As I looked out over the Hydrostone District and then walked down to its bustling business district I realized that the Richmond School plaque had the right idea. The best Explosion memorial is a vital community that keeps renewing itself in a thoughtful manner so that the spirits of the thousands killed and injured can reside in the best place there could possibly be.

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  • This 1921  view from Fort Needham shows the new Richmond School waiting for the rebirth of its community.

Public Archives of Nova Scotia Janet Kitz Nova Scotia Archives accession no. 1992-359 / negative: N-7151

  • There was lots of consternation when folks realized that new Shipyard megastructure blocked the view of the location of Mont Blanc when she exploded. Personally I don’t find that site particularly interesting. The explosion happened in a moment but the other landscapes of the Explosion continue to evolve and have special meaning 100 years after that instant.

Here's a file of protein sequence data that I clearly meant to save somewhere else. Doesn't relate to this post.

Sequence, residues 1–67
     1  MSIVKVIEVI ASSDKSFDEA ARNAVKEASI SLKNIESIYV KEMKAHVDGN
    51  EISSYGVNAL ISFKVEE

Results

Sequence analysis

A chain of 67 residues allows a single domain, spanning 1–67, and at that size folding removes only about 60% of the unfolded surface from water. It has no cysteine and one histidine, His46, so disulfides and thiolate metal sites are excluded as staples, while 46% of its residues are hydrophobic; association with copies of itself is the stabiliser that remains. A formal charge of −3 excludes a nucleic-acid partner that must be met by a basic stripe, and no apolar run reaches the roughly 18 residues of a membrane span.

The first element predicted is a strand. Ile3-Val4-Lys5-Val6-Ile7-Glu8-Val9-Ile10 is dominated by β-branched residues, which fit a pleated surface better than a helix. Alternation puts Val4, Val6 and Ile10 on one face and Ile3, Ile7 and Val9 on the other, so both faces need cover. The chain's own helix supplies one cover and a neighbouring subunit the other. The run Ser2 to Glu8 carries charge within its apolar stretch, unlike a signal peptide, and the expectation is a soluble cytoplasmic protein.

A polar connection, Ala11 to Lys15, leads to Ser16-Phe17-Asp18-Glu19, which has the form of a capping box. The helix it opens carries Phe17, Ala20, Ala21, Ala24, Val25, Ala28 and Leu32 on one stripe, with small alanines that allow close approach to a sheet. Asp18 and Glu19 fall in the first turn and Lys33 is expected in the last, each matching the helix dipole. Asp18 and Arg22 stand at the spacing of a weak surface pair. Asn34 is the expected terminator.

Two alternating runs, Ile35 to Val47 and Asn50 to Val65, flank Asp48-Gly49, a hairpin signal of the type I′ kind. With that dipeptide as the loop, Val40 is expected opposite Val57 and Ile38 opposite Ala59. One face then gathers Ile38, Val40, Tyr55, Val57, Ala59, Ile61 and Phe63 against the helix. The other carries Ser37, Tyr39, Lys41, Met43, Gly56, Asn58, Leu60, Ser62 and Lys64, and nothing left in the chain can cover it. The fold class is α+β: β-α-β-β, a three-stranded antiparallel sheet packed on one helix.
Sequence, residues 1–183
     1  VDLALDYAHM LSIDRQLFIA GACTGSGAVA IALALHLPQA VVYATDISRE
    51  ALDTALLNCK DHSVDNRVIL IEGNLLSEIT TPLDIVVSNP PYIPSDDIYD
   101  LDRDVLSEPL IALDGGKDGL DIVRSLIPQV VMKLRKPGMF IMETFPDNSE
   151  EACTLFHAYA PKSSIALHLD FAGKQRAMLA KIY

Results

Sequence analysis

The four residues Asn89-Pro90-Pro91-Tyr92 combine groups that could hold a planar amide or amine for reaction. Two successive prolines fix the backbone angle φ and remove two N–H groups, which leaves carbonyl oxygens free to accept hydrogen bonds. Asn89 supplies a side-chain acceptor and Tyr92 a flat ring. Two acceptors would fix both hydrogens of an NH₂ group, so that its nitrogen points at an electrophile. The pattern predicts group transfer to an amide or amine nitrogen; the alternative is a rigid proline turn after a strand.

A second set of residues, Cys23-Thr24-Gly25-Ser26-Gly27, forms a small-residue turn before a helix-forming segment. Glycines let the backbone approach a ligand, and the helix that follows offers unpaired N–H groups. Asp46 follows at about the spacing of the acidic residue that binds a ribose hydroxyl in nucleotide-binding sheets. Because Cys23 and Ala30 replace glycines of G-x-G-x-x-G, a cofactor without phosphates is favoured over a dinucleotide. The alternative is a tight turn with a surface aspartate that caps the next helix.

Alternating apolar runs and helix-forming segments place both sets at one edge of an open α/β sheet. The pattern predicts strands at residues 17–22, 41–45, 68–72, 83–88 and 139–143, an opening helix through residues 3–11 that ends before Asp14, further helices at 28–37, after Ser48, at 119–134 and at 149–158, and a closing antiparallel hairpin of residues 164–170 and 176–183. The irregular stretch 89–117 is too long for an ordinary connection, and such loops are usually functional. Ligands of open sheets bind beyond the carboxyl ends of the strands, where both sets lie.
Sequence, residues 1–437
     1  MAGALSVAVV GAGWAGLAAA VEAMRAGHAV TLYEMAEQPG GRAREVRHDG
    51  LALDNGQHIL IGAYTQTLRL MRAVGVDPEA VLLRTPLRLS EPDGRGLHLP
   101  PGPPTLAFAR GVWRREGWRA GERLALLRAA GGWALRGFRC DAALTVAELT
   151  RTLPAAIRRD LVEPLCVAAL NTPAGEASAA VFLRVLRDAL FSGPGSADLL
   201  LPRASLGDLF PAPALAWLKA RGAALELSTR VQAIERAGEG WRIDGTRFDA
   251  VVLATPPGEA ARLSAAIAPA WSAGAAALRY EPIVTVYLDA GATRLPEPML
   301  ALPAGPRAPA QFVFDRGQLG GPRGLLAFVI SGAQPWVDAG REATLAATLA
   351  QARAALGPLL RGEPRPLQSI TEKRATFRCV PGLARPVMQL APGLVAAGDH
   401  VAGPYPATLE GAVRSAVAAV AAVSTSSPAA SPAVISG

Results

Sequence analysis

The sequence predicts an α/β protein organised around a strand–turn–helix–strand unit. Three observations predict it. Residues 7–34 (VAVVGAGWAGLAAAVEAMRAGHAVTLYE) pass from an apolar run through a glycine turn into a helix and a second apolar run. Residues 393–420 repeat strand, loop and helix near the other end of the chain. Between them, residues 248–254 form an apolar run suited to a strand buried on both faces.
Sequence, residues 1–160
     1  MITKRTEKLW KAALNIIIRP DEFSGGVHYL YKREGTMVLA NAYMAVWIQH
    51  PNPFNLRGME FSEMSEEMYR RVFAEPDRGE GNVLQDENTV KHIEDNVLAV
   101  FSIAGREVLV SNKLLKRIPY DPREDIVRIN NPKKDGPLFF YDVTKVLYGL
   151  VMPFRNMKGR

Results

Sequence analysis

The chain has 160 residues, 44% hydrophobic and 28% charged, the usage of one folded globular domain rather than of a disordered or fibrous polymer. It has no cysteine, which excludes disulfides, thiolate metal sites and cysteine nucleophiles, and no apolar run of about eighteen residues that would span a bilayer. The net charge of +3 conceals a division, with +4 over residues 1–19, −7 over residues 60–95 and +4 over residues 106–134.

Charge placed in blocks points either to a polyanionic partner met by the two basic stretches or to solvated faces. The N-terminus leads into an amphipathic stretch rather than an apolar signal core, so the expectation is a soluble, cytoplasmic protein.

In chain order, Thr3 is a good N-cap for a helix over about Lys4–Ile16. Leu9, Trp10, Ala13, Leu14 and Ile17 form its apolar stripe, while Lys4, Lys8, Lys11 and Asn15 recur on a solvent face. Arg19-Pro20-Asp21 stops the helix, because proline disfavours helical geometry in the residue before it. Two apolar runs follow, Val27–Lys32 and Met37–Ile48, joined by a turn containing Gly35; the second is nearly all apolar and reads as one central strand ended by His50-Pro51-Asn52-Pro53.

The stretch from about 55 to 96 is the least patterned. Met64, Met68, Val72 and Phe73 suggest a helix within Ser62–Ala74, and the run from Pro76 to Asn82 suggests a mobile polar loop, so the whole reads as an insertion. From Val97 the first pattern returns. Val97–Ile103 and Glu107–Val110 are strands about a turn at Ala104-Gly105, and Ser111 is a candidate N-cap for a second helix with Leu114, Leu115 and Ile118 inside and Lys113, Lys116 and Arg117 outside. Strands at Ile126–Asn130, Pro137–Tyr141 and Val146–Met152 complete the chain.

The Narratives in Space + Time Society has determined that the burning Mont Blanc drifted ashore  at about the location of the big blue door in the Shipyard building. The Society’s wonderful boat tour convinced me that the way to tell the story of the collision is on the water. (Protip for some tourism entrepreneur.)


  • If you are not interested in the Explosion or urban development there are lots of other little things to notice on a ramble like mine. Take, for example, the goldleaf lettering on small apartment buildings.

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Or concrete stepping stones on the harbour-side slope of Fort Needham.

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About the author

Stephen Archibald

It’s Stephen Archibald doing the noticing. I’m a huge fan of Nova Scotia’s material culture and cultural landscapes. Twitter (@Cove17 ) made me realize I could share what attracted my attention (perfect for my very short attention) and I’m gratified when folks enjoy my content. Pleased to meet you on the internet.